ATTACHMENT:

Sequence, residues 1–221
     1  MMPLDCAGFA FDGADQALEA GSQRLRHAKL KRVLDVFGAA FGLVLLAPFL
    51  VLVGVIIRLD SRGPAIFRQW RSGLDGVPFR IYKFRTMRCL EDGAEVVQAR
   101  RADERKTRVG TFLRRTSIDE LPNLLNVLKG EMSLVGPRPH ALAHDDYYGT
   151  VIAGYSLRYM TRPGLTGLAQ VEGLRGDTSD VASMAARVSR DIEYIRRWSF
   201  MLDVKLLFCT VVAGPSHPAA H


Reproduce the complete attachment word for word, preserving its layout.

Sequence, residues 1–221
     1  MMPLDCAGFA FDGADQALEA GSQRLRHAKL KRVLDVFGAA FGLVLLAPFL
    51  VLVGVIIRLD SRGPAIFRQW RSGLDGVPFR IYKFRTMRCL EDGAEVVQAR
   101  RADERKTRVG TFLRRTSIDE LPNLLNVLKG EMSLVGPRPH ALAHDDYYGT
   151  VIAGYSLRYM TRPGLTGLAQ VEGLRGDTSD VASMAARVSR DIEYIRRWSF
   201  MLDVKLLFCT VVAGPSHPAA H